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BlackBerry 10 Looks to Batter BYOD

In a world where there exists a smartphone for everyone, there are only so many ways to skin the cat. How will RIM bounce back with BlackBerry 10?

BlackBerry 10 Looks to Batter BYOD

by jharrington | November 16, 2012

Looking back on a year of development delays and launch postponements, what does the official BlackBerry 10 release date mean to you?

For Apple, Google, Amazon, Samsung, and Microsoft, product and software announcements are as exciting as a wedding reception. For RIM however, January 30th might as well be judgment day. Makers of the original smartphone for businesspeople have one last chance to prove to the world that their technology still matters. In a world where there exists a smartphone for everyone in the iPhone, there are only so many ways to skin the cat. With Windows Phone 8, Microsoft claims it has created not a phone for all of us, but one for each of us. How will BlackBerry 10 differentiate?

BB10 – Mobility Needs Trump Design

CEO Thorsten Heins shed a bit of light on how his platform will not only impress, but thrive, in a recent interview with the New York Times. To Heins, things can’t get much worse from here. BB10 won’t be different in size, shape, or design than your average device on the market. It won’t have a home button. It has a light bulb that blinks when messages come in. If you haven’t caught on, RIM has made no aesthetical improvements. That wasn’t their problem. Where they failed was to catch up to the needs of their valued mobile workers.

With BlackBerry 10, RIM brings an all-in-one view that consumers have yearned for to accomplish more on the go. Sure, the iPhone’s home button makes it easy to flip between apps with a press and flick of the finger. It even keeps them running for us in the background… but that’s where it stops. Now users will be able to review recent messages and relevant updates while browsing through contacts. It will empower you to "peak at" and conduct your email and social media communications all in one place, seamlessly marrying  proactivity with reactivity.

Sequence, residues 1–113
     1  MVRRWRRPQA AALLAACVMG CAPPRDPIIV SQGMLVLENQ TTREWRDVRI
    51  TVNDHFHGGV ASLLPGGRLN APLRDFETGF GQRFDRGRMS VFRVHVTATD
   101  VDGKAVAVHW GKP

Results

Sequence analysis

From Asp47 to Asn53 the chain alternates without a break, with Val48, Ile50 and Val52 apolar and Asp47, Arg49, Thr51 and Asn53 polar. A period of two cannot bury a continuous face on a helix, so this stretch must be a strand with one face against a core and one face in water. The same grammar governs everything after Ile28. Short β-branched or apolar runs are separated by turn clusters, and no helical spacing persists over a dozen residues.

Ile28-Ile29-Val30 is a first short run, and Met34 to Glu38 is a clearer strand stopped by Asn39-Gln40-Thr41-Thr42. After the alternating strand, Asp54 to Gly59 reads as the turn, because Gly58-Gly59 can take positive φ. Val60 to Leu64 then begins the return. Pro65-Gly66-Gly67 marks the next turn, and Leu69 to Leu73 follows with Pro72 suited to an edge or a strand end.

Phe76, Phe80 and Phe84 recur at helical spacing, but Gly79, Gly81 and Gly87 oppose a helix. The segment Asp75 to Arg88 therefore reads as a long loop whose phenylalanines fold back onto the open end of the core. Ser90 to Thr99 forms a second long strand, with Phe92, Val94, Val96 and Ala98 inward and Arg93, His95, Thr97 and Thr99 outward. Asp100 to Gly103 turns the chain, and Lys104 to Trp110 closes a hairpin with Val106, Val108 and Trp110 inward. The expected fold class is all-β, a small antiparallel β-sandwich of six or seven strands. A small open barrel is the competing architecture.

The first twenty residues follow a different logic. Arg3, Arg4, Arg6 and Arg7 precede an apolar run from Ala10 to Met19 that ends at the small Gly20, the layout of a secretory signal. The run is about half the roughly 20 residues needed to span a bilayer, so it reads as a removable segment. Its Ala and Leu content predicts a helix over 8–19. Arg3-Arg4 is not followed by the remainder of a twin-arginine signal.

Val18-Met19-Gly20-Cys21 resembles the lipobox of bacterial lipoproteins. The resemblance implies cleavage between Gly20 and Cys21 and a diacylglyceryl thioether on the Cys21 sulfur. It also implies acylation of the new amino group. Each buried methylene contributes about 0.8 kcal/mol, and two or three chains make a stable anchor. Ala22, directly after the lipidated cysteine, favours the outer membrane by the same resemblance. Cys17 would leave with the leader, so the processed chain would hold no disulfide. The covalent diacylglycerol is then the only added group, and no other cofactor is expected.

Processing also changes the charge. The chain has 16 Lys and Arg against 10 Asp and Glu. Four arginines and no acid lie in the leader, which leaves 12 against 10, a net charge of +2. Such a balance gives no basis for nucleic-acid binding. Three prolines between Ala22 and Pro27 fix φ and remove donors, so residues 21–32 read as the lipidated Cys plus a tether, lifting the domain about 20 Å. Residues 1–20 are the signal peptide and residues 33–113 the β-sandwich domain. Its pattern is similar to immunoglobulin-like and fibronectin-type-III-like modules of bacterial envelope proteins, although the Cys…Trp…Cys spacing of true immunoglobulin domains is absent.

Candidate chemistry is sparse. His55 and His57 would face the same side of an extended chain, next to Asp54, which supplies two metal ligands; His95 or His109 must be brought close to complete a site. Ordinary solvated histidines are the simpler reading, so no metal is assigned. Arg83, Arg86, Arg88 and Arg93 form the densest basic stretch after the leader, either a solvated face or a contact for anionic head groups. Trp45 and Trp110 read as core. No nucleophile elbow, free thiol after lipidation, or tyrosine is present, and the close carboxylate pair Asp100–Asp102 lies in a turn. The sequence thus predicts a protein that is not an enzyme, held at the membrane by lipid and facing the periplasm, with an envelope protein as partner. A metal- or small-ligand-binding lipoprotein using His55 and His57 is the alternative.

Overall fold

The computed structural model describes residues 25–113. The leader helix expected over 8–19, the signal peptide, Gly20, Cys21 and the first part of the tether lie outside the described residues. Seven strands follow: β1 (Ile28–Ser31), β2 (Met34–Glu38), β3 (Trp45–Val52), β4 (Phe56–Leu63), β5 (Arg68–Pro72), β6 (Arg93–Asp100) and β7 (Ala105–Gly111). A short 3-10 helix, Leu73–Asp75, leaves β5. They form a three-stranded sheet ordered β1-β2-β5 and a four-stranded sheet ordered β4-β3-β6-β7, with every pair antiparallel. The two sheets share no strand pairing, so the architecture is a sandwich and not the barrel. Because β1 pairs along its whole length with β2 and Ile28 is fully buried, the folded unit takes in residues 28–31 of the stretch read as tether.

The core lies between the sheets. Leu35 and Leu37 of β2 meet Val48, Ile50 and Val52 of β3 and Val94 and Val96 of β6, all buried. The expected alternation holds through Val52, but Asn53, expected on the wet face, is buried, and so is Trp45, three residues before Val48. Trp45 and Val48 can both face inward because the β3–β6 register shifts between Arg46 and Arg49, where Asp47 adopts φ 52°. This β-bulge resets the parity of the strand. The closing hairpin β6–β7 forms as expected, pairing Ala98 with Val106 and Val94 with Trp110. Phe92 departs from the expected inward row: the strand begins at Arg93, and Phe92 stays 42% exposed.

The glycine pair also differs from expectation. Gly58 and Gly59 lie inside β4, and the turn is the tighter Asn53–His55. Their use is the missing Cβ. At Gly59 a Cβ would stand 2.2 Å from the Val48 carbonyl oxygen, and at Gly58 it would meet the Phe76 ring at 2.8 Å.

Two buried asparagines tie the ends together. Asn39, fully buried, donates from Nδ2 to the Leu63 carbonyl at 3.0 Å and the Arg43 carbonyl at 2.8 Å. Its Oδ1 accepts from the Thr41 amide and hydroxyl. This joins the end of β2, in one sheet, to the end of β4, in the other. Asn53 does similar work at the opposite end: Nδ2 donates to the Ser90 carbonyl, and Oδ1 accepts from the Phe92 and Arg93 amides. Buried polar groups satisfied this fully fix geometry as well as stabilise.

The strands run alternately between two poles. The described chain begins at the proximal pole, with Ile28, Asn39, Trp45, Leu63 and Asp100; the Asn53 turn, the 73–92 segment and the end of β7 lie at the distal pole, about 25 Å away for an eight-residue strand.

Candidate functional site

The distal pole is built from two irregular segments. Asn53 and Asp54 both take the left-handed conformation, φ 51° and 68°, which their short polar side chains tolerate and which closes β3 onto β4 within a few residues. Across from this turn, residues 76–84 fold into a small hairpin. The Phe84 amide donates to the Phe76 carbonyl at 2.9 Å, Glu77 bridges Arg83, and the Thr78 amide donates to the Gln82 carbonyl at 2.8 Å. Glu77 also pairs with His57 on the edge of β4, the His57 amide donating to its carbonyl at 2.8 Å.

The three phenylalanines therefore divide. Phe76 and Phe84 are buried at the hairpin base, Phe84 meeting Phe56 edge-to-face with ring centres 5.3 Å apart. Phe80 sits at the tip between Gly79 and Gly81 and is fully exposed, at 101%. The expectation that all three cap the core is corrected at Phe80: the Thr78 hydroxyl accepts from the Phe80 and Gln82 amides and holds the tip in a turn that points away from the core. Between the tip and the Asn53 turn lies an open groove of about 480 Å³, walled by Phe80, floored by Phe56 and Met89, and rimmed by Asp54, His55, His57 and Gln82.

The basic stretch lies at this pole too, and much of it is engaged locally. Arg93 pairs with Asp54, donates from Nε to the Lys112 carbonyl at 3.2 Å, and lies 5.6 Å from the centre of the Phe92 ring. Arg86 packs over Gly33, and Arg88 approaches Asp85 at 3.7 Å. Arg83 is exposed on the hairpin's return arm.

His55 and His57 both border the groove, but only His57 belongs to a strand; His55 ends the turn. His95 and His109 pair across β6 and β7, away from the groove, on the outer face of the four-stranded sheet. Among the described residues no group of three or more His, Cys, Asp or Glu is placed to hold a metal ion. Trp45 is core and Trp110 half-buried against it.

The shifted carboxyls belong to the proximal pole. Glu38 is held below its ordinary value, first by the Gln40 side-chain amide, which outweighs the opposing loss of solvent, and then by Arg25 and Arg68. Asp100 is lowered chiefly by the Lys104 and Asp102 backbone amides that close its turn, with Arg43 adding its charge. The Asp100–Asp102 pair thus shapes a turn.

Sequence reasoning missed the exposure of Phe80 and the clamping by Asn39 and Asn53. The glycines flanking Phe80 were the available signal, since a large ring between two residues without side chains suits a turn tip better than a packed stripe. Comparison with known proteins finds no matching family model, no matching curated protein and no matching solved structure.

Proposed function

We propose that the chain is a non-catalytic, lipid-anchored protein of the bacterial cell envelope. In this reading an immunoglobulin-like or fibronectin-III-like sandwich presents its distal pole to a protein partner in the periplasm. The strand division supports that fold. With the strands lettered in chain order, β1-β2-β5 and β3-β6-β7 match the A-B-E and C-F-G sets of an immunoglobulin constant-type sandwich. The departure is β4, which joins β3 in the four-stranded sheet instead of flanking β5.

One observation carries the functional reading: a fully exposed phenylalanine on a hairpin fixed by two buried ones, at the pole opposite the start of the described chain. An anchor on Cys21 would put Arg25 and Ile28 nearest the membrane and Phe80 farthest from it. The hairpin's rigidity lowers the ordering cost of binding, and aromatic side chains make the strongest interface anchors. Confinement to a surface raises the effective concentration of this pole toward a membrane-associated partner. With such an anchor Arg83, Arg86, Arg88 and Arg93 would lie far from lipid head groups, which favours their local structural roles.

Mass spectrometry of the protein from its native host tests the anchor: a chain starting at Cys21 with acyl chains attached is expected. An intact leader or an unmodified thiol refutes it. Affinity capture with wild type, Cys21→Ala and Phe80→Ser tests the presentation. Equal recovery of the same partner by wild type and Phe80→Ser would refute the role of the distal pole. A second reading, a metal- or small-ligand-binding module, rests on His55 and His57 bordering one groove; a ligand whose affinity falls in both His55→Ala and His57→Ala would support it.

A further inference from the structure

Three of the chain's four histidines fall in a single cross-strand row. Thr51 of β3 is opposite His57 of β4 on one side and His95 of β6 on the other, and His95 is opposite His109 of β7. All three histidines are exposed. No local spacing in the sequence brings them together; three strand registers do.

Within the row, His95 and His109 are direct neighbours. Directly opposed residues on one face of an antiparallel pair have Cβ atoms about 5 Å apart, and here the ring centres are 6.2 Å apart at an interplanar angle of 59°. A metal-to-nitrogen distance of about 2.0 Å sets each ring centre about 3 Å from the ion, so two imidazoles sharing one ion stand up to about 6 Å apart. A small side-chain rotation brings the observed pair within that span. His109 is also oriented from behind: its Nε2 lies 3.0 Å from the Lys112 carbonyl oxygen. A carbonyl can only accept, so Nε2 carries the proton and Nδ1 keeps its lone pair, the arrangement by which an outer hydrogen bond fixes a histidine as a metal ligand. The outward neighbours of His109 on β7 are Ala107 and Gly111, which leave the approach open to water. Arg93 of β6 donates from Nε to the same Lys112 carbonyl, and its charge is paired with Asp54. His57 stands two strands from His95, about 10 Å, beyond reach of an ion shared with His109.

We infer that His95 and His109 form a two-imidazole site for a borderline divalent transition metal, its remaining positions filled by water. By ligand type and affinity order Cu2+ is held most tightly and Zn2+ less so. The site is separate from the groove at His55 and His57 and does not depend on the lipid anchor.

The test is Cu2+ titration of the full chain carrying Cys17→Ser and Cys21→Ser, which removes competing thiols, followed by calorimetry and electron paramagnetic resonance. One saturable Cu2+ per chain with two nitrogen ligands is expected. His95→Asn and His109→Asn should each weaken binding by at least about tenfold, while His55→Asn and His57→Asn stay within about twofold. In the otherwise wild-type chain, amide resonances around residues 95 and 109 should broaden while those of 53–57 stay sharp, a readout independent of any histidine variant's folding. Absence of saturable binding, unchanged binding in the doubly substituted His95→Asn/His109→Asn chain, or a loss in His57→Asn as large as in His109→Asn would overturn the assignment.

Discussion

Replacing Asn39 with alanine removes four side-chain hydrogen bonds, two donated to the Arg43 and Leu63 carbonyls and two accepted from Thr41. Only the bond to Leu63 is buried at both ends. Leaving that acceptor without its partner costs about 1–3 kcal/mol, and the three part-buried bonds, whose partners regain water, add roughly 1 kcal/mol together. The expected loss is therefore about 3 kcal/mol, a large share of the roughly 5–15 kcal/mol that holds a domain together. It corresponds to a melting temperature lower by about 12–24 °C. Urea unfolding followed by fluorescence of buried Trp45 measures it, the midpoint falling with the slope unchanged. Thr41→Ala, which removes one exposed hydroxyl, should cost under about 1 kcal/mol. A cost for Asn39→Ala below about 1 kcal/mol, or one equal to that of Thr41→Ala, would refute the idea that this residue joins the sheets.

BYOD Boom or Bust?

Will this be enough to launch RIM back to its glory days, sitting atop the mobile world as the kings of convenience? Not likely. There are however factors beyond RIM’s control that could work in their favor. At present, more than half of organizations allow their employees to bring their own devices (BYOD) to work. The question is, will BYODers continue their incline, crowding out those with corporate-issued devices? Or will IT start to crack down, forcing personal iPhones, iPads, Androids, and Windows smartphones and tablets out enterprise doors?

Frank Boulben, Chief Marketing Officer at RIM is betting on the latter; that IT will regain their lofty status bequeathing all technology versus accepting whichever BYOD device arrives at their desk. Boulben’s presumption aligns with recent research by Nucleus, which states BYOD’s downfall will occur in direct alignment with the rise of enterprise mobility due to support costs, compliance risks, usage reimbursement, and a lack of ROI. Bear in mind that Nucleus stands a lone wolf outside a pack of others predicting a strong future for BYOD—Gartner stating it will be the top trend heading into the next year, while Forrester believes tablets adoption will be through the roof compared to what we're seeing today.

Intel Benefits from IT Consumerization

Enough about what people are saying, just take a look at what they're doing. Companies like Intel are making BYOD look easy. In their mid-year IT Performance Report, they proudly boast about its benefits—nothing about its alleged faults. Year to date, the chip giant has reaped an extra 2 million hours of productivity from employees working on their devices of choice. It would seem a vision and a clear cut process is the best way to make it happen. That, and the right technology. The Nucleus report misses on one critical element: how companies bleeding BYOD revenue can institute management safeguards such as mobile device management (MDM) and mobile expense management (MEM) to up productivity and reduce mobile expenses.

It cannot be denied, however, that a BYOD decline would work in RIM’s favor. The company  did after all find its original success on the whims of many an IT manager with a budget for BlackBerrys & BES server. Only time will tell how it all plays out. 75 days to be exact. Do you believe RIM’s changes will be enough for its much needed bounce back? Will BYOD decline in their favor? Discuss in the comments below.

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